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Instant payments and why their is a need for standardisation

For businesses, instant payments offer the potential to reduce late payments and improve cash flow. From a consumer perspective, payments can be made or received easily and safely in seconds.

Instant payments

  Instant payments: the need for standardisation

For example, when paying online or transferring funds to a friend via a person-to-person payment. For the most part, however, widespread deployment of instant payments, or Real-Time Payments (RTPs) are still a work in progress with implementations at different stages in different regions, writes  Arnaud Crouzet, VP Security & Consulting at Fime.

In 2020, instant payments surged globally by 41%, demonstrating increasing demand.

What do instant payments currently look like?

Spain has already embraced the technology. While cash usage has traditionally been high in Spain, digital payment methods have gained popularity over the last two years.

Now daily volumes of instant payments exceed 1.5 million. Spanish consumers are turning to RTPs as a viable alternative to cash, and usage has grown ever since the launch of this technology in 2017.

There is an expectation to see a similar growth across the rest of Europe, where 73% of payments are still made in cash.

There is a desire for this service, but there are still obstacles preventing it from gaining significant traction.

Consumers and merchants are both unsure of how RTPs differ from other services such as traditional cards or Click to Pay.

Education on the advantages of this payment acceptance method for both groups should therefore be a priority to encourage its adoption.

Transaction fees, which still remain unclear, are also causing concern.

Consumers and merchants could both be hit by fees to use instant payments. This may discourage businesses and consumers from adopting RTPs, or limit them to using this method for larger transactions only.

This is especially true when there is the option of using card-based solutions with no consumer fees and more competitively priced merchant fees, when compared with the potential fees for RTPs.

While these costs will become insignificant if volumes grow, businesses may be reluctant to invest while momentum surrounding this payment method is still growing.

Striking the balance between speed and security

Consumers and merchants are understandably cautious about fraud, with phishing being a concern with instant payments.

Customers need reassurance when using any new payment method that their money is safe, especially when it’s faster than traditional methods.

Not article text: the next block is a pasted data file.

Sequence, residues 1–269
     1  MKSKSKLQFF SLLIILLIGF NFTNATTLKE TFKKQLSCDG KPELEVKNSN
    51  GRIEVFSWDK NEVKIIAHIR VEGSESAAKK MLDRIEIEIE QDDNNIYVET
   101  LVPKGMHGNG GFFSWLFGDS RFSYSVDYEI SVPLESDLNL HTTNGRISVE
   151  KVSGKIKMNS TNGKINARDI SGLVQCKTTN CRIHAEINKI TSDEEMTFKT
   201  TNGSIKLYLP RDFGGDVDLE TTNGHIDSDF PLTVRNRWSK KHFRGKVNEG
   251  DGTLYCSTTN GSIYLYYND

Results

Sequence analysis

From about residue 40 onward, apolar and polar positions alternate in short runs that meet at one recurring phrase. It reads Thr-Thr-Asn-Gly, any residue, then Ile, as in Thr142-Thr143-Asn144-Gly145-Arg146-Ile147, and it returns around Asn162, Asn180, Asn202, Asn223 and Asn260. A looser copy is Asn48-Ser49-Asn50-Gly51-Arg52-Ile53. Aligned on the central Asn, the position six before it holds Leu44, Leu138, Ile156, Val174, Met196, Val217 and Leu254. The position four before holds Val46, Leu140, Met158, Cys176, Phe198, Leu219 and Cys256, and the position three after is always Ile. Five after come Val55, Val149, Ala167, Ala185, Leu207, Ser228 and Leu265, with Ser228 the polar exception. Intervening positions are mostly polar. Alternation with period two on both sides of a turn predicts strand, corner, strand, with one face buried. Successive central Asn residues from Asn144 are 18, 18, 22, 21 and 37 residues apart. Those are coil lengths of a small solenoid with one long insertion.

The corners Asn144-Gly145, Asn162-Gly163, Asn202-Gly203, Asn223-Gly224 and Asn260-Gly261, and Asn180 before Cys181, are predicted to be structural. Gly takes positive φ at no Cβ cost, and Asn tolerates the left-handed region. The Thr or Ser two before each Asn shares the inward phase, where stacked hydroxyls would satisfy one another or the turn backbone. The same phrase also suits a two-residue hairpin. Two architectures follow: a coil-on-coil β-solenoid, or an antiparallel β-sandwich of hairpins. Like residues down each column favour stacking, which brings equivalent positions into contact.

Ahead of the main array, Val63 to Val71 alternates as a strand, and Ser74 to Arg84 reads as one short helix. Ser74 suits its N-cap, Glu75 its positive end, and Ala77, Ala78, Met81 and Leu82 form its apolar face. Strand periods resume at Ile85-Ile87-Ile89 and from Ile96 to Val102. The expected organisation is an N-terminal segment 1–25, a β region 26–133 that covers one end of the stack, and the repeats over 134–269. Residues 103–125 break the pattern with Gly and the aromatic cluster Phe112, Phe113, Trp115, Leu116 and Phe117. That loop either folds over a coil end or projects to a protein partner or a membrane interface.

The main challenge with protecting instant payments is to strike the right balance between speed and security.

Card payments are a known quantity, having been tried, tested and trusted for many years. RTPs are still in earlier stages of development by comparison.

Customers should remain vigilant about the methods that fraudsters use to try and gain access to their money.

However, they must also remember that banks implement advanced anti-fraud tools to prevent fraudulent activities from taking place.

As we’ve seen from its use in Spain, the risk of fraud from RTPs is no higher than for other forms of payment.

Initiatives are underway to improve customer authentication, in particular for account access and other KYC procedures, to combat increased fraud via phishing.

Additionally, Strong Customer Authentication is the responsibility of banks, and therefore the threat of fraud should not be a concern for merchants, who remain protected.

Use cases

There are several ways RTPs can be used to facilitate the seamless transfer of funds.

For example, they offer new methods for bill-splitting, e-commerce and cross-border transactions.

Some providers allow users to make instant payments using only their mobile phone number, irrespective of the recipient bank.

Request-to-Pay enables a business or individual wishing to receive a payment, to send an electronic request for that payment.

Instant payments could also be used at the physical point-of-sale – providing yet another option for consumers to pick from.

However, current use cases for instant payments are still in development, and therefore this ecosystem is not standardized. Standardised communications between the payment stakeholders involved are required to ensure an easy and quick consumer experience.

From standardisation to success

It’s evident that standardisation is necessary for the future of instant payments. Nonetheless, standardisation should not become a barrier to innovation.

The European Payments Council creates the rules for services such as instant payments, which are currently broad.

The EPC needs to continue to review the regulations for instant payments and Request-to-Pay, similar to what exists now on the acceptance-to-acquirer domain for cards payments with nexo standards.

 

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